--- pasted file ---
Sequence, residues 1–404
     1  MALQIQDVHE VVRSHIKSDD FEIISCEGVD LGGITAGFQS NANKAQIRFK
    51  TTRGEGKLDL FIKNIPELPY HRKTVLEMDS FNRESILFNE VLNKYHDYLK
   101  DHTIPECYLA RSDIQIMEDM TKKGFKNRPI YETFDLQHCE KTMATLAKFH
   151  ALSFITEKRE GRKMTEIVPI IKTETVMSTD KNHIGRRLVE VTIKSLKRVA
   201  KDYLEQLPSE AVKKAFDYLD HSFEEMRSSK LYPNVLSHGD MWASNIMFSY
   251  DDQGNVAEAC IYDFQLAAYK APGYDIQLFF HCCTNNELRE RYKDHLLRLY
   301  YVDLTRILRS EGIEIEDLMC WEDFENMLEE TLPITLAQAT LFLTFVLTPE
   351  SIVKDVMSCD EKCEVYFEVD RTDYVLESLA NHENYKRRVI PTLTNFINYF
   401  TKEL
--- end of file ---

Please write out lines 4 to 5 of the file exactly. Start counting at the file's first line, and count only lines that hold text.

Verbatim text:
   101  DHTIPECYLA RSDIQIMEDM TKKGFKNRPI YETFDLQHCE KTMATLAKFH
   151  ALSFITEKRE GRKMTEIVPI IKTETVMSTD KNHIGRRLVE VTIKSLKRVA